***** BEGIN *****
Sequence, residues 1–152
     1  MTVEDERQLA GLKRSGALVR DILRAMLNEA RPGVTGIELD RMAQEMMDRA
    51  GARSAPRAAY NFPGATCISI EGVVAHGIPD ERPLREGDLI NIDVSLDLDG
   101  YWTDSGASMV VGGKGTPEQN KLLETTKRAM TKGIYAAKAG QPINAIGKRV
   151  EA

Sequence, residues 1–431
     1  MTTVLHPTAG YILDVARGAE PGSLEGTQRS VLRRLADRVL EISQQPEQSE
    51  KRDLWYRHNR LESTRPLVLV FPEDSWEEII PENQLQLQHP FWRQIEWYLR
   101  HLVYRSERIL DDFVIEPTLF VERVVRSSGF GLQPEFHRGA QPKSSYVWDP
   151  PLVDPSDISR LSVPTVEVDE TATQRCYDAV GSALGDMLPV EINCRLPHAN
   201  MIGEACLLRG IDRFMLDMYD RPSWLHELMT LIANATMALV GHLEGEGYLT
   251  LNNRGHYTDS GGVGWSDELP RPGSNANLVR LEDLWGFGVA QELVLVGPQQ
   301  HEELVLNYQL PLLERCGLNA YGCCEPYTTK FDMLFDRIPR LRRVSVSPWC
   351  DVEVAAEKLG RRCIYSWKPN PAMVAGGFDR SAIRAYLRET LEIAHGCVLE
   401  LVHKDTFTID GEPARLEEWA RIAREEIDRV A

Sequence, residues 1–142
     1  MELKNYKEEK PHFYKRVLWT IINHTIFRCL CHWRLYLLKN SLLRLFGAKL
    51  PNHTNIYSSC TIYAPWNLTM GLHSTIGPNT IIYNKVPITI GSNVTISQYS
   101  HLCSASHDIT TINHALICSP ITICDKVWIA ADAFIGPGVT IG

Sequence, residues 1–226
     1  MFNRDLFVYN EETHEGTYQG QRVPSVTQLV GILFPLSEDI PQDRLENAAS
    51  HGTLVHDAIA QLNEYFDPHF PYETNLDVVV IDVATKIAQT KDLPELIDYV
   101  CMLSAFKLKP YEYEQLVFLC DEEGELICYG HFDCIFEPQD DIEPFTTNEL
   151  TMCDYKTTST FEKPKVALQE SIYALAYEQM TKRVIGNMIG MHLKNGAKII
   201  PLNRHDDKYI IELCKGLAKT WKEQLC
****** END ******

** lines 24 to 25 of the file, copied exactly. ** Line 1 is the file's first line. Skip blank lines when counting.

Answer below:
   151  TMCDYKTTST FEKPKVALQE SIYALAYEQM TKRVIGNMIG MHLKNGAKII
   201  PLNRHDDKYI IELCKGLAKT WKEQLC